Imperiale (2007). In January this year, the Jacques Herzog and Pierre de Meuron Kabinett, a charitable organization established by the firm’s partners, donated a selection of its models, drawings, and other materials to the Museum of Modern Art. https://www.herzogdemeuron.com
Selected to collaborate with Herzog & de Meuron is Memphis-based archimania, a force for architectural innovation in the American South and a collective recognized nationally for work spanning building types and scale.
Among the recent cultural institutions designed by archimania are the national award winning Ballet Memphis and Hattiloo Theatre projects that are helping to revitalize one of the city’s historic districts; Conservation Hall at the Governor’s Residence in Oak Hill, recognized by Architectural Digest as one of 11 Amazing Examples of Subterranean Architecture in the World; and The Scheidt Family Music Center at the University of Memphis, which is slated for construction later this year.
Led by Todd Walker, FAIA, founding partner, and Barry Alan Yoakum, FAIA, partner, archimania is a leading practitioner of sustainable design. It has designed numerous “firsts” in Memphis, the region, and nationally. It recently competed the State of Tennessee’s first Zero Energy Ready building, the I-55 Welcome Center with a projected 900,000 visitors a year, and two projects that are on-track to become the region’s first Zero Emissions, Zero Energy, and LEED Certified facilities in their respective building types.
Last year, Architect magazine named archimania as #8 in design nationally in its annual Architect50 rankings. The architectural firm has garnered more than 160 AIA awards since its inception and is the American Institute of Architects most award winning firm in the history of Tennessee.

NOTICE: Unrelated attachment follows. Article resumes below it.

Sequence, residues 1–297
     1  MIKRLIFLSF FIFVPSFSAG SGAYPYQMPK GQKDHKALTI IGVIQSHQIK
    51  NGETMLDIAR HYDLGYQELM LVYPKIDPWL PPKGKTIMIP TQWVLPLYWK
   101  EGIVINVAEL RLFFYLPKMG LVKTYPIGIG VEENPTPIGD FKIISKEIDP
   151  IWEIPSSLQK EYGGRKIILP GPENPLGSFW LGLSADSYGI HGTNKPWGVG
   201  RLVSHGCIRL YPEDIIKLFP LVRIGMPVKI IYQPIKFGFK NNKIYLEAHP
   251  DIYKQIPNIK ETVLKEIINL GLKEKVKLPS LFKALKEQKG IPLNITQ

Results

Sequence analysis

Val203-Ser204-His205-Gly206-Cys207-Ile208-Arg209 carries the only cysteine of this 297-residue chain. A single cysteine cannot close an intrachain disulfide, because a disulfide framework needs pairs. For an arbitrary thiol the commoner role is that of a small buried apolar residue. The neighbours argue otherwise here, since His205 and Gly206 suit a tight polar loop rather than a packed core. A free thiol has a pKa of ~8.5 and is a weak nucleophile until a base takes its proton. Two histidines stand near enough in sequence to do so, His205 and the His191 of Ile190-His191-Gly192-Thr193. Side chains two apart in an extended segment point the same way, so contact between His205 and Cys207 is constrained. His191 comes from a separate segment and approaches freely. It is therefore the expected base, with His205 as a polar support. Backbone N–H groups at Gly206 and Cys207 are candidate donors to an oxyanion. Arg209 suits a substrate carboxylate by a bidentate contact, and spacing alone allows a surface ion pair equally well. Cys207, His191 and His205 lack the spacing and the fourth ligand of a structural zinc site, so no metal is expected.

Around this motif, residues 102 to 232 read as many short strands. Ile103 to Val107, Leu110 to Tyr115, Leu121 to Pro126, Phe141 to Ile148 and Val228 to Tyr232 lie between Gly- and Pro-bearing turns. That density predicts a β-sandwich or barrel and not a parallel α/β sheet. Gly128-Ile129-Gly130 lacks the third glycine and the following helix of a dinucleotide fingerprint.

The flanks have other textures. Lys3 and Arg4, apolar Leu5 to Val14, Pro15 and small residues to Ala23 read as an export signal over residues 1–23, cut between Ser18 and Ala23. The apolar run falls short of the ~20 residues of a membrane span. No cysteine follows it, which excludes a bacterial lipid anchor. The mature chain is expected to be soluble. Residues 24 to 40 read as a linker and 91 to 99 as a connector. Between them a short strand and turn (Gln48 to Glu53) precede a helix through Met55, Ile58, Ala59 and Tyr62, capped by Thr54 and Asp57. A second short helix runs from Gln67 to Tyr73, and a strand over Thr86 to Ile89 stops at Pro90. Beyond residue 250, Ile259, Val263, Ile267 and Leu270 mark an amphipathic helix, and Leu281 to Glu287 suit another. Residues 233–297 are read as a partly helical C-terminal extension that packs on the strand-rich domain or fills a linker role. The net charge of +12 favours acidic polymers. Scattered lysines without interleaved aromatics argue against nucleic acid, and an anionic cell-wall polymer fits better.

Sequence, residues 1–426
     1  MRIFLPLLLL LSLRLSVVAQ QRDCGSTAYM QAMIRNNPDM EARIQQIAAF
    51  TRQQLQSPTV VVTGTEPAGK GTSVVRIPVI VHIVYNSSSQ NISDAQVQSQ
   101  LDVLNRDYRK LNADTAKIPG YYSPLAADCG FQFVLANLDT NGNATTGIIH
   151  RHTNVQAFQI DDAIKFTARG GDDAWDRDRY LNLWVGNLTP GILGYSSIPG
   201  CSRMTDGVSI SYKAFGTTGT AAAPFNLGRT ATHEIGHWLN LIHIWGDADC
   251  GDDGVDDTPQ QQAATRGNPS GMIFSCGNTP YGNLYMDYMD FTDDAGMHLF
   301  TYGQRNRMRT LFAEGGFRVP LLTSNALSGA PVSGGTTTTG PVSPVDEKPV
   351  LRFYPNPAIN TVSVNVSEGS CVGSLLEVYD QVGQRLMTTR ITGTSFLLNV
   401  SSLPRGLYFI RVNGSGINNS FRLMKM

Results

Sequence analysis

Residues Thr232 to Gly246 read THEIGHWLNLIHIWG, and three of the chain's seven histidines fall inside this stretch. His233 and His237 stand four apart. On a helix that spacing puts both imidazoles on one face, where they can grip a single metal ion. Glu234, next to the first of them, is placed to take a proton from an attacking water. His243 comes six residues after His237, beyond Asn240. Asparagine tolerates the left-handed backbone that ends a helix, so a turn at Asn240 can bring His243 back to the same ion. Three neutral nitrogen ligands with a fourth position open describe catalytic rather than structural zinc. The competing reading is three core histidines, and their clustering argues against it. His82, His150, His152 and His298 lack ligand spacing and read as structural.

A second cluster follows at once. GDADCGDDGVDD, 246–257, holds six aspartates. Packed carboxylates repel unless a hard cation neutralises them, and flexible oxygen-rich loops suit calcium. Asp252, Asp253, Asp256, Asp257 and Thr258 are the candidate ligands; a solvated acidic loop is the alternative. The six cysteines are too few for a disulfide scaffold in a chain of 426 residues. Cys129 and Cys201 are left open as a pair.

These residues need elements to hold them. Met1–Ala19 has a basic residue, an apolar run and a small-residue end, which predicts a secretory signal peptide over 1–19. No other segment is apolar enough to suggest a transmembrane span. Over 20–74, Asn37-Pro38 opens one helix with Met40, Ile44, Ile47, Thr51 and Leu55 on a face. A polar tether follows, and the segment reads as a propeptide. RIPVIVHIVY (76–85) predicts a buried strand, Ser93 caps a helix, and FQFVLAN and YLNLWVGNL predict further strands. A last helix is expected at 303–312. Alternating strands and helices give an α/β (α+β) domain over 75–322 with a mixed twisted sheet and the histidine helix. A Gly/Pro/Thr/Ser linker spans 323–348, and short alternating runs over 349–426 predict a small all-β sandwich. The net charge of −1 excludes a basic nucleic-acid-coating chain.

Todd Walker, FAIA, says, “Speaking for everyone at archimania, we are excited and thrilled to be working with this wonderful team of the Brooks along with Herzog & de Meuron to develop what will be the most significant cultural center for our community to share with the world.”
Memphis Brooks Museum of Art
The permanent collection of the Brooks Museum ranges from antiquity to the present day, highlights including the Samuel H. Kress Collection of Renaissance and Baroque paintings; 18th-century British portraiture; British and American decorative arts; American art by Winslow Homer, Georgia O’Keeffe, Thomas Hart Benton, Romare Bearden, and Marisol, among others; photographs by William Eggleston and Ernest C. Withers, among others; contemporary art; and work by regional artists. For the last 15 years, the museum has devoted 96% of its acquisition funds to building an important collection of African-American art.
The roots of the museum extend back to the first decade of the 20th century, when local leadership enlisted the Swiss artist Carl Gutherz as an advisor. The private group then set out to raise funds for a city art museum with plans calling for school children to collect discarded wastepaper, linen, cotton rags and rubber—first graders, on Mondays; second graders, Tuesdays; and third graders, Wednesdays.
The dream became a reality when Bessie Vance Brooks donated $100,000 in memory of her late husband and the Brooks Memorial Art Gallery, designed by the New York architect James Gamble Rogers, opened in 1916--without a collection, staff or exhibition schedule. Among the first works of art to enter the collection were portraits by Cecilia Beaux and William Merritt Chase; today, the Brooks’ holdings exceed 10,000 works.
May 21, 2019, 8 a.m. CST / 9 a.m., EST